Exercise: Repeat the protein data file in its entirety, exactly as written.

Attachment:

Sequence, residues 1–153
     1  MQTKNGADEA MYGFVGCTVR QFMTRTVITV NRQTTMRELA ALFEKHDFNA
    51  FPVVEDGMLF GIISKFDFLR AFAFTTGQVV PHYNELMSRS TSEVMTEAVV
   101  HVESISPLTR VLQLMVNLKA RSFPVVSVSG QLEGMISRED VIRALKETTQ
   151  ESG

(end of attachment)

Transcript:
Sequence, residues 1–153
     1  MQTKNGADEA MYGFVGCTVR QFMTRTVITV NRQTTMRELA ALFEKHDFNA
    51  FPVVEDGMLF GIISKFDFLR AFAFTTGQVV PHYNELMSRS TSEVMTEAVV
   101  HVESISPLTR VLQLMVNLKA RSFPVVSVSG QLEGMISRED VIRALKETTQ
   151  ESG